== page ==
Monday, October 25, 2021

A little flash...


Using her old fancy Foster, I begin splitting a few of the Galas I brought from my kitchen. They aren’t perfect for cooking, the flavor too delicate, but it isn’t the right time of year for Honeycrisp, so I make do. Still figuring out the process, I’m not too concerned with flavor.

Feeling petty and knowing she is picky, I set the big knife down and use her boning blade. Like always, she turns her nose up at my ways and makes disgusted noises while I work. I know I should be the better person. If I had the heart to settle her mind, in these final moments, I would tell her she was right about one thing.

But the house smells so sweet from the cornbread loaves, having dried in the window sill all day, and I don’t want to spoil this moment. So, after wiping the rolling pin clean, I crush the crunchy bread cubes into crumbs and add sliced celery and onions. Next, I put in the apples, garlic, sage and egg. Salt to taste. Mixing it all until it’s moist, but not wet.

I turn my attention to the old bird, untucking the scrawny legs and upturning the neck so I have more room to work.  “Haven’t I treated you well. Better than what you’re used to?” Those words, her words, repeat; giving my arms the strength to wrestle her to the middle of the table. I use the rolling pin again, to quiet the course.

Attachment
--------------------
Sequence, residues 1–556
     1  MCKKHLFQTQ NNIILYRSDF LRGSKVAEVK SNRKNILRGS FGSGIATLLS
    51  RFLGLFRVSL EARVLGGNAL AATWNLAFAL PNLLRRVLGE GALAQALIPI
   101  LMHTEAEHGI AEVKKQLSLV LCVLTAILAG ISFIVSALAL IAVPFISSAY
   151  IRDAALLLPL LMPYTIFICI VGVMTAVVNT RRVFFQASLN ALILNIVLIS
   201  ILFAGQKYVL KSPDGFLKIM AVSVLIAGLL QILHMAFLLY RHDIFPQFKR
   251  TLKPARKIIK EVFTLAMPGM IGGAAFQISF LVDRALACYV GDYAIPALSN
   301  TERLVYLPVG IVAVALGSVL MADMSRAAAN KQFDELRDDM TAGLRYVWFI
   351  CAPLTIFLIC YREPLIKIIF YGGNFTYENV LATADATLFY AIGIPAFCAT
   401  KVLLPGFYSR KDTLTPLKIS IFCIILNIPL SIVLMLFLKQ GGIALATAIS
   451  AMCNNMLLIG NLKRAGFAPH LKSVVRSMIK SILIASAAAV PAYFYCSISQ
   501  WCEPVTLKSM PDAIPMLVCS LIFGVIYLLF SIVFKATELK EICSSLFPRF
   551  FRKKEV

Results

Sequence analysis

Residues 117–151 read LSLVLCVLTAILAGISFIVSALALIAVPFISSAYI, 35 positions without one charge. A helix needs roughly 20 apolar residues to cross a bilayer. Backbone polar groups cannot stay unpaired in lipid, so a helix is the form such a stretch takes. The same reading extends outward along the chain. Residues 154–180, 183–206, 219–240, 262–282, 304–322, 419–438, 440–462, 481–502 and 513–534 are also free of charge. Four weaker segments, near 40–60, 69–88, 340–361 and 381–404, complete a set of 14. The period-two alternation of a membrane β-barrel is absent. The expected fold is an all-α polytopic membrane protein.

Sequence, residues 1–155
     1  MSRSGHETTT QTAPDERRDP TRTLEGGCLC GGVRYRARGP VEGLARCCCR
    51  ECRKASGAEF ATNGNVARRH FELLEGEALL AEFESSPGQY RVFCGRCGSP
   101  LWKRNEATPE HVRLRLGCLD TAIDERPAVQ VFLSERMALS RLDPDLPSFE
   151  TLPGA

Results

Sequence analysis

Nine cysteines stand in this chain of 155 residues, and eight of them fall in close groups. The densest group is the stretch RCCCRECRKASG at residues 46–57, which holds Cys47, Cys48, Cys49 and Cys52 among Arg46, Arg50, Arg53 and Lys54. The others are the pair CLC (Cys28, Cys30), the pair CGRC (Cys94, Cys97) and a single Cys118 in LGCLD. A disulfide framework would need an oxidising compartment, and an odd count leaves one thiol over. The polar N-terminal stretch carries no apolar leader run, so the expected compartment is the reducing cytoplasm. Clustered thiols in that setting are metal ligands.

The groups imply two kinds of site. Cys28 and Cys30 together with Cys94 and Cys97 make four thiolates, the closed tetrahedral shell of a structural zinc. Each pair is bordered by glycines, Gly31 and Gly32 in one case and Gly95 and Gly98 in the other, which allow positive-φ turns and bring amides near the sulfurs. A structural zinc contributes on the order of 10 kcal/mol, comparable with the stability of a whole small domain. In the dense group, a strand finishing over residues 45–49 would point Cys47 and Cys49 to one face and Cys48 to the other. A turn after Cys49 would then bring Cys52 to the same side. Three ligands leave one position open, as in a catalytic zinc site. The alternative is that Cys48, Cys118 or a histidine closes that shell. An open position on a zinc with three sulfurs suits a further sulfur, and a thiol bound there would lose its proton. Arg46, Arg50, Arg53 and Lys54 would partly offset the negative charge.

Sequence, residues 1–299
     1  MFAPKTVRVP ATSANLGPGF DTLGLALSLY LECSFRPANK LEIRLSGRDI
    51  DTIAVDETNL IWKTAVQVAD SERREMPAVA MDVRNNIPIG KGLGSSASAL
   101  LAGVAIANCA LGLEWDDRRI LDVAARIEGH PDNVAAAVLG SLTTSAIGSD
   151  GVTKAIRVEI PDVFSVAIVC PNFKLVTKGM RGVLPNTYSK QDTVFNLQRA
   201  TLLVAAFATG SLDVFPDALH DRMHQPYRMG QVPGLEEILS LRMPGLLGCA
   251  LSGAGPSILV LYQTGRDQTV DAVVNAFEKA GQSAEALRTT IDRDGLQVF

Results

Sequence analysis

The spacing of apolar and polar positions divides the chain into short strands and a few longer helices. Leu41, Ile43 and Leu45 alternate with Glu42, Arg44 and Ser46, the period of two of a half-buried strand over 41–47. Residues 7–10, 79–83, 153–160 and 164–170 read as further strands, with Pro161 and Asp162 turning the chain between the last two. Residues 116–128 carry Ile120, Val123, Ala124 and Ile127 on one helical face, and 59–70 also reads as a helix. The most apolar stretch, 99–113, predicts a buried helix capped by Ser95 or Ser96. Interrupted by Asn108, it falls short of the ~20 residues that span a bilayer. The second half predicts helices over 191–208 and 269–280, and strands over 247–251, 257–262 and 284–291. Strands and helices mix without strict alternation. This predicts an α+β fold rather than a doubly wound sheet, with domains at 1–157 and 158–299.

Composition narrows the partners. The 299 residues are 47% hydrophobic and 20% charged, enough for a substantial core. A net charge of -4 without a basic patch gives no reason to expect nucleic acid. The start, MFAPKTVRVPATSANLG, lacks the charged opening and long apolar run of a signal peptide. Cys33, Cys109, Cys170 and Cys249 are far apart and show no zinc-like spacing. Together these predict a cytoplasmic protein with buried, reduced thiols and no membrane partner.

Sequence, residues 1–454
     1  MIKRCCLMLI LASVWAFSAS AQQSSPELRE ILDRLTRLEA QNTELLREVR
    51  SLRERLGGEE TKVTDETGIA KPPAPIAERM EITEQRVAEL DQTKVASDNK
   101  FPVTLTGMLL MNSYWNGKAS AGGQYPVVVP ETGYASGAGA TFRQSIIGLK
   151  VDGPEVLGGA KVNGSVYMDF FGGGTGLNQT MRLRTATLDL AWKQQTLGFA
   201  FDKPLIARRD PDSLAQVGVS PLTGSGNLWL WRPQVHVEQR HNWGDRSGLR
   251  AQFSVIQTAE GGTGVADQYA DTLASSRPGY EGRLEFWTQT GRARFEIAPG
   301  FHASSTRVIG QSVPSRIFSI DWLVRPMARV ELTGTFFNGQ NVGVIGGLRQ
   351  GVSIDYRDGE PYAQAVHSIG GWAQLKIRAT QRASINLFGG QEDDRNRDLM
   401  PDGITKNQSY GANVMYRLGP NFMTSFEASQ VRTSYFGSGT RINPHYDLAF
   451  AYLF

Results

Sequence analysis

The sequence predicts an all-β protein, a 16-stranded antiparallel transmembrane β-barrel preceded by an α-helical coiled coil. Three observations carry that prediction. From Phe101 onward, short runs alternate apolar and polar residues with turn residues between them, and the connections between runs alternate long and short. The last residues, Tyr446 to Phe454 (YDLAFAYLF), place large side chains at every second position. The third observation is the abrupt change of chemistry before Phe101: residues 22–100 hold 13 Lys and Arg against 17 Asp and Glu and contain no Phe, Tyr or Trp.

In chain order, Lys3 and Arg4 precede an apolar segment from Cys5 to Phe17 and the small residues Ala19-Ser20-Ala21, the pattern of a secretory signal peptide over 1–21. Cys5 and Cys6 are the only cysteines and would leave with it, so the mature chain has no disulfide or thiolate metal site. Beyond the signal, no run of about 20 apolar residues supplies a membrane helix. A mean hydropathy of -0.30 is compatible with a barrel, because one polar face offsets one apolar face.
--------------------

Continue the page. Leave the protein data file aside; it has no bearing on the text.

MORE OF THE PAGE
Pushing my sleeves up until well over my elbows, because stuffing the bird is the messiest part of this meal, I take a wide mouthed ladle from her kitchen drawer and mix up the dressing, then stuff the neck and body. Done, I tuck her legs back in position; trussing and securing her with twine. I prop the arms under to hold the neck in place.

Since there is no pan large enough, and I’m sure the oven is too small, I haul my ingredients and tools into the living room, making use of her large, fine fireplace. Taking a step back I consider my work. It’s not an appetizing sight; most uncooked birds aren’t, but that will change once it reaches a delicate golden brown.

After I push her into the pit and light the fragrant logs, I close my eyes and decide to share a truth with her. “You’re right, I am a terrible wife. I can’t keep house, and I’m an even worse cook.” Shaking my head, I open my eyes and reach for the blackened fire screen, slamming it into place. “But I promise to keep trying.”

*Thank you Beau Johnson.

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